(formerly IRIN News) Journalism from the heart of crises

President pledges quick parliamentary polls, but is the country ready?

Faure Gnassingbe was formally sworn in as Togo's new president on 7 February 2005, after his father's sudden death in office. But African and world leaders denounced the move as a military coup and opposition parties called a two-day general strike in pro

After being voted into office five months ago amid street violence and claims of electoral fraud, Togo’s President Faure Gnassingbe has pledged to hold transparent parliamentary polls as soon as possible.

But even the government admits it will be difficult to first overcome the trauma lingering after last April’s disputed poll, which sent 40,000 people fleeing across the border, few of whom have returned home.

“We have the firm intention of organising legislative elections as soon as possible, but in conditions acceptable to all political actors,” Gnassingbe said this week in a radio interview in New York, where he had been attending his first UN General Assembly as head of state.

In the Togolese capital, Lome, observers along with opposition and government figures agreed that holding a democratic election in the very near future might be easier said than done.

Gnassingbe, a 39-year-old US-educated businessman, took over the presidency from his own father, who died in February after 38 years in the job, making him Africa’s longest-serving ruler at the time. The opposition denounced the hastily organised election as rigged.

Asked when a parliamentary poll could take place, Communications Minister Kokou Tozoun told IRIN: "First we need the synergy.”

“We don’t want to see a re-run of the past, we don't want any more violence,” he said. “The poll will have to be held after a national dialogue, but very very soon you will be hearing about it.”

The new authorities have promised to work towards reconciliation, and one government official told IRIN that an amnesty was being mulled for those allegedly responsible for violence that occurred after opposition protests against the April 24 election.

Some observers are sceptical about what can be done to heal resentments still festering after the presidential polls.

“Who will go out and vote after what we lived through unless the dispute over the election is settled?” said Francis Pedro Amouzou, president of the privately-run media watchdog, Togolese Media Observatory (OTM), and editor of the independent weekly, Crocodile.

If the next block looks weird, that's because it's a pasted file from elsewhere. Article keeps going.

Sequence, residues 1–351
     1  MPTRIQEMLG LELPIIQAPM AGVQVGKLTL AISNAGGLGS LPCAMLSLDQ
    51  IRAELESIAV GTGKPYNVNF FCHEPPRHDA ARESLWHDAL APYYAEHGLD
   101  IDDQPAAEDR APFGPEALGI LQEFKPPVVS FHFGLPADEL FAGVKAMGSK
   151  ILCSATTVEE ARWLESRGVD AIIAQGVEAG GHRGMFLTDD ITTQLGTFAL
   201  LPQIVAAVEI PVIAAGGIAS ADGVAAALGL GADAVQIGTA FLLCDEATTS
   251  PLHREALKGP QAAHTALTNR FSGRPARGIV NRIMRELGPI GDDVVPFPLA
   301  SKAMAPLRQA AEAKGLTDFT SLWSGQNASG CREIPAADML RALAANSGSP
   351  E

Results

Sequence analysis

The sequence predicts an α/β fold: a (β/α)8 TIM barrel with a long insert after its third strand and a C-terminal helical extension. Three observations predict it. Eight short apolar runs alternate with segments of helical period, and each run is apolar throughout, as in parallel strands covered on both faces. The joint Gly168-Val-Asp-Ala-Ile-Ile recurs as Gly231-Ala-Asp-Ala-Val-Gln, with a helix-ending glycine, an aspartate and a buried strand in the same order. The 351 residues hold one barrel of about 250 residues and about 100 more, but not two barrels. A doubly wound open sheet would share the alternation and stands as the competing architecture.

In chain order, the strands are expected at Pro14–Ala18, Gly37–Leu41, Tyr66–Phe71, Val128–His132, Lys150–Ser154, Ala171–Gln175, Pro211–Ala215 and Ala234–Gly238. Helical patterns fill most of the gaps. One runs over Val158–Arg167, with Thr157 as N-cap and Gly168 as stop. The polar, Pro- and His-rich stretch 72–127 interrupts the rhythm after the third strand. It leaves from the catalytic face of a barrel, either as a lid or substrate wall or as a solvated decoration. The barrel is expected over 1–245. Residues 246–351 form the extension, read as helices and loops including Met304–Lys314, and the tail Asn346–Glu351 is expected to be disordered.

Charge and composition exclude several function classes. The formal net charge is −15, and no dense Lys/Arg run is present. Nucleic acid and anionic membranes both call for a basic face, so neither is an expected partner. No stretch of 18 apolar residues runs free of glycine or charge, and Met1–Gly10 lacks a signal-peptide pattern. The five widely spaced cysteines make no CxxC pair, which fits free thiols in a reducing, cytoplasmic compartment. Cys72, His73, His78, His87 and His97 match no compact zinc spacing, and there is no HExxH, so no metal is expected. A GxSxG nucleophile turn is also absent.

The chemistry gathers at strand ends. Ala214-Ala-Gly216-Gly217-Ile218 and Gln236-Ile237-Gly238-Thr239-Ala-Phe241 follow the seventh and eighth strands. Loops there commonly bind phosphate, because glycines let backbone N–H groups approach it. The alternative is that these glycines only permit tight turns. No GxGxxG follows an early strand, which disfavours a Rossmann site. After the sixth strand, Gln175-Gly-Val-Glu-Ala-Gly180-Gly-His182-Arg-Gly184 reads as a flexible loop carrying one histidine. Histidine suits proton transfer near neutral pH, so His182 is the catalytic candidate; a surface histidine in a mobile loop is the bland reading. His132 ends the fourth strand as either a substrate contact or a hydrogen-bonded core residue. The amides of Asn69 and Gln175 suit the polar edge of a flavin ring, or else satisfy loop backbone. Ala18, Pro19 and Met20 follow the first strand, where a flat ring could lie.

“People need guarantees,” he said. “The authorities don’t really want dialogue, they’re pretending.”

Small steps?

However, the European Union, which wields a huge financial stick in the form of aid packages, sees small steps in the right direction.

One such move was the installation on Thursday of a new and more open Broadcasting and Communication Authority (HAAC) in line with one of the 22 promises made by Togo to the EU in 2004.

The EU cut off aid to Togo more than a decade ago due to “democratic deficiencies” and has offered to resume funding on condition the country respect these 22 commitments to democracy and civil liberties.

Last month, the EU representative in Togo, Gilles Desesquelles, said the 25-nation bloc was ready to finance work to set up a new electoral register ahead of legislative elections.

“There has been important progress made,” he said, cautioning that much still needed to be done.

One step will be the publication, due this month, of an investigation into the post-election clashes. The government-appointed commission was set up in May to probe the violence in which diplomats said more than 100 people died.

The results of a separate UN human rights inquiry are still to be released.

Meanwhile around 25,000 refugees from Togo remain in neighbouring Benin, while 15,000 are still sheltering in Ghana, Kokou Tcharie, the Togolese government's point man for repatriation, told IRIN this week.

Around 1,000 people had returned spontaneously over the last five months, he said.

“The country is calm now, I believe most of these people will come home over the next year, especially if there is help, or a pardon,” Tcharie said.

In a sign of growing openness, two former members of the Rally of the Togolese People (RPT) who had been sharply critical of the ruling party, last week declared the creation of a new party, the National Democratic Alliance (ADP).

“It’s an alliance between north and south opposed to playing up ethnic differences, which aims to change this country’s methods of government,’ said one of the founders, former prime minister Agbeyome Kodjo, who had fled into exile after criticising Eyadema’s northern-based RPT.

Claude Ameganvi who leads the opposition Workers Party, hailed the creation of the centrist group as a step forward for the country.

“We may get revelations on the RPT system now,” he said. “This will weaken them.”

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